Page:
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Mark Heymann

The hospitality industry is grappling with challenges that shouldn't come as a surprise to anyone: A labor shortage, demanding customers and profit pressure. At the center of these issues, managers who oversee the complexities of hotel staffing must decide how to schedule employees based on the daily needs of the business and complying with rules and regulations that impact their decisions on a daily basis. For this reason, managers need a support system designed to ensure compliance and full utilization of their labor resource. This byline will examine how technology is the solution for an optimized workforce. Read on...

Karine Gill

Having been a hospitality recruiter for most of my career, I am often asked about the difference between Retained and Contingency executive search. On several occasions, it has come to my attention that the hiring manager at the hotel or at corporate level understands intuitively what the differences are but are often not aware of the implications and/ or are too narrowly focused on the cost aspect. Although there are hybrid formulas combining Retained and Contingency search, the goal of this particular article is to provide an overview of both types of search and explain the respective pros and cons of each. Read on...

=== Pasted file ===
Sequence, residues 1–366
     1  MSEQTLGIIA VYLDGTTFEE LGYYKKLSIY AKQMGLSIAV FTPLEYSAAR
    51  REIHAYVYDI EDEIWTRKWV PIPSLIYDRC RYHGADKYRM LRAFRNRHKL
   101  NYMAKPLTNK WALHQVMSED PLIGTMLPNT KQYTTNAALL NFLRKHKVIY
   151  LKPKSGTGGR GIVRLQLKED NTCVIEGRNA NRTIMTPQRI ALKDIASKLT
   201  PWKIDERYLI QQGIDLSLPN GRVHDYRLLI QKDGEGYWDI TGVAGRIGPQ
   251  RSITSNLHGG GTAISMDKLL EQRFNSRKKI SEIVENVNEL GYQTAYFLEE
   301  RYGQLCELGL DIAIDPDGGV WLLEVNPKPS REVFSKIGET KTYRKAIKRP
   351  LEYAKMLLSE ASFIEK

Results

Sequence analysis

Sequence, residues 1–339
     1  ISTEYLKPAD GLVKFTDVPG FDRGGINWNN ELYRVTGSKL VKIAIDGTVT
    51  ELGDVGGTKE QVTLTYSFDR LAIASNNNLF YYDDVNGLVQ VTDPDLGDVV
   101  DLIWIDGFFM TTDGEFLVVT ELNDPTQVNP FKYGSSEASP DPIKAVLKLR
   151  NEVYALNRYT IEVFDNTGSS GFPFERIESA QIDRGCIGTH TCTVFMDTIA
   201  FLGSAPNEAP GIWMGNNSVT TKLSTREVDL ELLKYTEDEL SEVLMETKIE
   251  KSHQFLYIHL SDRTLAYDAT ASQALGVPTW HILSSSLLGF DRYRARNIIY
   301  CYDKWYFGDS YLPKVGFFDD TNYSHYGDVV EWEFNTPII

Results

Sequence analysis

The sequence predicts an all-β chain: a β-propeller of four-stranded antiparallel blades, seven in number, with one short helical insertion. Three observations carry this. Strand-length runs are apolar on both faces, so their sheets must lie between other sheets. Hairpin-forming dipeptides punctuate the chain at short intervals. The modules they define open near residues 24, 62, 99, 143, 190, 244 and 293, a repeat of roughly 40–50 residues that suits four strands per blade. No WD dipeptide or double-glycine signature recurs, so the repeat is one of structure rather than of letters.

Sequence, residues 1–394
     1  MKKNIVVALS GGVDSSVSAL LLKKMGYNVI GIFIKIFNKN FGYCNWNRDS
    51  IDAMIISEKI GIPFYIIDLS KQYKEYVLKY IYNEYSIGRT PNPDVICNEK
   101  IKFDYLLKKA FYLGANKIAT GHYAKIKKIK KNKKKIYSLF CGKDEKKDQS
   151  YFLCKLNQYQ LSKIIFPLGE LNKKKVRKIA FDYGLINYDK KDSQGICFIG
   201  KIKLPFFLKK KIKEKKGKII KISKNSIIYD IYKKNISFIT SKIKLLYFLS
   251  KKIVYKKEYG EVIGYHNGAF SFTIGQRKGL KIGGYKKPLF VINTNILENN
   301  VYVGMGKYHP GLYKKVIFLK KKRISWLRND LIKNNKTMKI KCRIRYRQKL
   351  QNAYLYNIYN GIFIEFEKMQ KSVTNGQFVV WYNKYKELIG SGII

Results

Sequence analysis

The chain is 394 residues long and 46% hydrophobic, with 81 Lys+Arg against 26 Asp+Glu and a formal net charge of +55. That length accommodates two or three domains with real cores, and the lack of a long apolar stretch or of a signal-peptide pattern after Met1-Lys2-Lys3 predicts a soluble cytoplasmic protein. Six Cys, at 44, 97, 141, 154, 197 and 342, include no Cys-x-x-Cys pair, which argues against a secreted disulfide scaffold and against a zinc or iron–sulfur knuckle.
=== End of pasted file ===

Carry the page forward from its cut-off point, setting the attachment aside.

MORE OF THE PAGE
Mark Ricketts

Identifying, recruiting, hiring and training new workers are expensive, time-consuming propositions for hospitality groups these days. As hoteliers work to find enough qualified workers, there is no one answer in understanding and appealing to the moving target of what motivates an ever-changing employment pool, including those who already work with an organization. What are we to do? This article considers some approaches to finding those workers we need to operate quality properties, care well for guests and develop meaningful, profitable organizations that are poised for growth in a highly competitive economy and industry. Read on...

Mark Heymann

It's no secret that engaged employees work more efficiently, improving a hotel's bottom-line results. But they also bring a level of commitment and passion to their work that enhances the level of service, increasing guests' satisfaction and, in turn, their intent to return and recommend. This article explores the factors that impact employee engagement and the role that engagement plays in optimizing a hotel's workforce, ultimately driving top-line revenue. Read on...